A Brief Guide to the Wide, Wild World of Art Schools and Residencies

The New York Times Style Magazine / Jul 6, 2022 / by Andrew Russeth / Go to Original

Palazzo Monti, in Brescia, Italy, the site of an artist residency program founded by the collector and curator Edoardo Monti. Credit.:Omar Sartor

Thinking about applying? Not sure which route to take? Here’s an overview of 12 programs stretching from Frankfurt to Dakar to rural Wisconsin.

Future doctors are required to learn anatomy and much else. Lawyers must have a basic grasp of civil and criminal procedure and, in the United States, prove it by passing a bar exam. For professional artists, the path is less clear. Today, as the scholar Nicholas Houghton wrote in a 2016 paper on art school curriculums, “there are ever more things that could be taught without there being anything which has to be.” While particular skills — a mastery of perspective, say — may have been essential in some eras, in some places, artists now do anything and everything, from cooking food to social justice work to having specialists fabricate supersize sculptures for them and even, at least in the case of Sergio Muñoz Sarmiento, attending law school, as part of their practice.

Unsurprisingly, then, the academic side of the art world is just as varied. There are prestigious schools that dealers flock to in search of talent, and that offer M.F.A.s (at various price points) and even Ph.D.s to hone thinking and credential would-be teachers. There are also artist-run initiatives and a worldwide constellation of residencies that can serve as luxe getaways or back-to-nature boot camps. As with school programs, some come with generous stipends; others charge hefty fees. “There’s a whole industry around residencies,” says the artist and curator Michelle Grabner. She’s taught painting and drawing for years at the School of the Art Institute of Chicago while also helping to run an unorthodox residency at a place called the Poor Farm in rural Wisconsin that aims to see, she says, “How loose can it become before it is just a flophouse?” Every program “has different limitations,” she says, “but it’s a broad and beautiful playing field.”

Red Studios at Skowhegan School of Painting & Sculpture in Maine, 2015.; Courtesy of Skowhegan School of Painting & Sculpture

Below, T has compiled a brief overview of that playing field, highlighting some of the residencies and full-on art schools, both storied and recently founded, that are on the radar of New York art types, and for which — if an aspiring artist is in want of formal training (Jasper Johns, for one, has managed just fine with only a few semesters of college) or at least of some time to explore their practice — they might consider applying. The competition can be fierce, but the experiences can be transformative. Yashua Klos, who makes vivid collages that have graced many museum walls, attended the Skowhegan summer program in Maine in 2005 and, he says, “developed relationships there that have helped stabilize my career to this day.” The painter Heather Guertin, who was in residence at the Palazzo Monti in Brescia, Italy, in 2017, still recalls what she describes as the “heavenly 18th-century fresco on the ceiling” of her studio. “During my time there I was able to make a shift in my work from hard-edge forms to a more painterly expression,” Guertin says. “Without me even trying, all of the colors of the Renaissance made their way it into my paintings.”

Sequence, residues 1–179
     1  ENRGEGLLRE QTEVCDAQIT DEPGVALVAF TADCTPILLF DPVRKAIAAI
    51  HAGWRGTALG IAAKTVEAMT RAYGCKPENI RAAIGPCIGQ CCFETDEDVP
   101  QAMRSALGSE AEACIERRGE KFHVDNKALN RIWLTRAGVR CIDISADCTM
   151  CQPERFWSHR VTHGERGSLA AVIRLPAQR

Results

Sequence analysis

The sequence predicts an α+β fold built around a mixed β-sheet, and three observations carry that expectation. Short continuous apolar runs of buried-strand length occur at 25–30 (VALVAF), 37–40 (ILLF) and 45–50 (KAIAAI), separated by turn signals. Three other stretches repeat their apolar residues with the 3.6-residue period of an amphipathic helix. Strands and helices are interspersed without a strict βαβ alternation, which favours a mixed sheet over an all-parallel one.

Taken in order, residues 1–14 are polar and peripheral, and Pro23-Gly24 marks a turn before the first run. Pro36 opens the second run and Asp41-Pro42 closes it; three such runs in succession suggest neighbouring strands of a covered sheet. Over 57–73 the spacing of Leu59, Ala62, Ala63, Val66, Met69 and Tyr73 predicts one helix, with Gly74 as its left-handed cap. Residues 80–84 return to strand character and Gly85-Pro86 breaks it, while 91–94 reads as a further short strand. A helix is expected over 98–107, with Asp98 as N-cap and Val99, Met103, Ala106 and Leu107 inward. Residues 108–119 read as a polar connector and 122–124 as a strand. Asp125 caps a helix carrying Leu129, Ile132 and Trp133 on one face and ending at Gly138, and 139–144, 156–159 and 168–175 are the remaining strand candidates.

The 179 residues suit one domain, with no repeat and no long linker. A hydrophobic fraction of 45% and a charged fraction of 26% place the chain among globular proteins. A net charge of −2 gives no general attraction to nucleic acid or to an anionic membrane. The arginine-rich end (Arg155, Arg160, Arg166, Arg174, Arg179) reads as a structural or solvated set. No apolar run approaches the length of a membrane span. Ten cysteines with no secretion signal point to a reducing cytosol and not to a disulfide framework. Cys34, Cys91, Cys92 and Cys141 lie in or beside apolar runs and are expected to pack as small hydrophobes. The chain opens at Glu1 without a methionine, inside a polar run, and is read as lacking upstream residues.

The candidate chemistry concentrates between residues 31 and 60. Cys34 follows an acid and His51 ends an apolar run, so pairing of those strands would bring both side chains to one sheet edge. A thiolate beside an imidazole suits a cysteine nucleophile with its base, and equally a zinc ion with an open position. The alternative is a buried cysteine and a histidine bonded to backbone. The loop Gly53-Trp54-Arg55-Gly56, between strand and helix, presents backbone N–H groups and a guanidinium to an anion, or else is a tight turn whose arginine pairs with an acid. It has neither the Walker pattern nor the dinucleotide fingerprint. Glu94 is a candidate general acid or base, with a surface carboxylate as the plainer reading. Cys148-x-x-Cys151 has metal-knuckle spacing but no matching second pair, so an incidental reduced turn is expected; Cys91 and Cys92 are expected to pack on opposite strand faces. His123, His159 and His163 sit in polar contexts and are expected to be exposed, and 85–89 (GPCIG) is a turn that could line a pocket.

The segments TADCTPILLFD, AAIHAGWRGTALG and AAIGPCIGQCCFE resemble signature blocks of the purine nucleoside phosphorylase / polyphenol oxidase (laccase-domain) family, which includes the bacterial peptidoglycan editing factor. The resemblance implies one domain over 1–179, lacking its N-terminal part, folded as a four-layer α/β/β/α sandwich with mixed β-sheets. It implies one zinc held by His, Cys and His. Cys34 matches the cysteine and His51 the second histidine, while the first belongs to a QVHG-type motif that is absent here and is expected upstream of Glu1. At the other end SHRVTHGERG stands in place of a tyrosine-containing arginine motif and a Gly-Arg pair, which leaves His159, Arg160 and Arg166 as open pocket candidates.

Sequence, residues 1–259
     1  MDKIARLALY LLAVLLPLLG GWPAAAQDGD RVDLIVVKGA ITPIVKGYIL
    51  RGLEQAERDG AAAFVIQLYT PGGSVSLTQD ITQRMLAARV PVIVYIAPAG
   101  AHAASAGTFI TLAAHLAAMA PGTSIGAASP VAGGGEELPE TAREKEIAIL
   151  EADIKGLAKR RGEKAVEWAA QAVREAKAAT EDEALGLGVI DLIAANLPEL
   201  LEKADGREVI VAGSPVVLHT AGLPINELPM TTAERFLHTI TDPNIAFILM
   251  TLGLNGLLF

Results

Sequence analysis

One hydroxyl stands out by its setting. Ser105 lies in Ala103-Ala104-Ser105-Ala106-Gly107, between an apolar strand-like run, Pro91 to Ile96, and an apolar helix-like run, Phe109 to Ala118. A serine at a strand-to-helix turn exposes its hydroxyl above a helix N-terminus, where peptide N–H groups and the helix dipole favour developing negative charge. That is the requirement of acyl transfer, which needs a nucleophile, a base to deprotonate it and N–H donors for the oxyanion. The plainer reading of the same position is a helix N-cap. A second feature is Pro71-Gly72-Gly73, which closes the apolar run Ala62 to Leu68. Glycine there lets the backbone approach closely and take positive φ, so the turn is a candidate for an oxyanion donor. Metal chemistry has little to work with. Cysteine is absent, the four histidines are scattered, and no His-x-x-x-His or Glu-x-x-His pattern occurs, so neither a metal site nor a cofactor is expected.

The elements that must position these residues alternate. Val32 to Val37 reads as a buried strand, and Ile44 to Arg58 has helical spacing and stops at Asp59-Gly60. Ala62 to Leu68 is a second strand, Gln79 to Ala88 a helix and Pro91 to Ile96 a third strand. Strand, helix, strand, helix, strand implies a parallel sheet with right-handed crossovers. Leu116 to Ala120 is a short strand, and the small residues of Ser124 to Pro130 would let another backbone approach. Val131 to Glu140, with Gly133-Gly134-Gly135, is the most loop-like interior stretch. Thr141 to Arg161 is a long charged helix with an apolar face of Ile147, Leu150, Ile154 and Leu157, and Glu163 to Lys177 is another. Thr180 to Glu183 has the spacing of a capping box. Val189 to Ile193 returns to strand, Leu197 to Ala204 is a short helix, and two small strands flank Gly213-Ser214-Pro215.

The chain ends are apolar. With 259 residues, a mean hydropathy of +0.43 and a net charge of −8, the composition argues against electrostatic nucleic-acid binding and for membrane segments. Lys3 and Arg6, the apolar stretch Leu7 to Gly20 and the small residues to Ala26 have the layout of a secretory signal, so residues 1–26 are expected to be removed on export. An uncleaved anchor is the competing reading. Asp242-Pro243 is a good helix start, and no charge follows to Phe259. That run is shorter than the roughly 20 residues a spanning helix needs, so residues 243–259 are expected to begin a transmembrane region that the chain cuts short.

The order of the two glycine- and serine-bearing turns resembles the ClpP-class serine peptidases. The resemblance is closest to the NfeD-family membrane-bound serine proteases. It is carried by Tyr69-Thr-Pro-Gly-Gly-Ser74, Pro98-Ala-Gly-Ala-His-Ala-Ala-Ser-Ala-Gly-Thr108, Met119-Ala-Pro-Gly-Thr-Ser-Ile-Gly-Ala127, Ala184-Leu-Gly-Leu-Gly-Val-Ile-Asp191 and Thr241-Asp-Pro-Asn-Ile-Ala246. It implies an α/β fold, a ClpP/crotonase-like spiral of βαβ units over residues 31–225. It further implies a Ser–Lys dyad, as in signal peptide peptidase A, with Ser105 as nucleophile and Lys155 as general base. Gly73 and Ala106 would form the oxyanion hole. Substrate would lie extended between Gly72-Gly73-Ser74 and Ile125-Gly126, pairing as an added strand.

Right: An exhibition room at Palazzo Monti featuring frescoes from 1750 and artwork by Giuseppe di Liberto ; Left: The artist in residence Alicia Adamerovich, 2021.;  Credit: Omar Sartor

Palazzo Monti | Brescia, Italy

Sure, you could head deep into the woods for your residency. That is a classic choice, promising few distractions. But if you are willing to be immersed in — and contend with — art history, Palazzo Monti might be a better one. It’s named for the 13th-century building appointed with 18th-century frescoes that it calls home in beautiful Brescia, a little over an hour east of Milan by car. Started in 2017 by Edoardo Monti, a collector and curator whose grandfather acquired the building in 1950, the initiative has so far hosted more than 170 artists, Somaya Critchlow and Kadar Brock among them. Up to three are there at a time, and they typically stay for a month. Each is asked to leave a work behind — hence the sturdy bookshelf by Davide Ronco and the floor-to-ceiling textile work by Bea Bonafini on site. The program makes some supplies available, and additional creative inspiration is on offer in the museum-rich city, and in nearby Padua, where Giotto’s Scrovegni Chapel frescoes, beloved by both John Ruskin and Marcel Proust, await.

Excerpt from “A Brief Guide to the Wide, Wild World of Art Schools and Residencies” by Andrew Russeth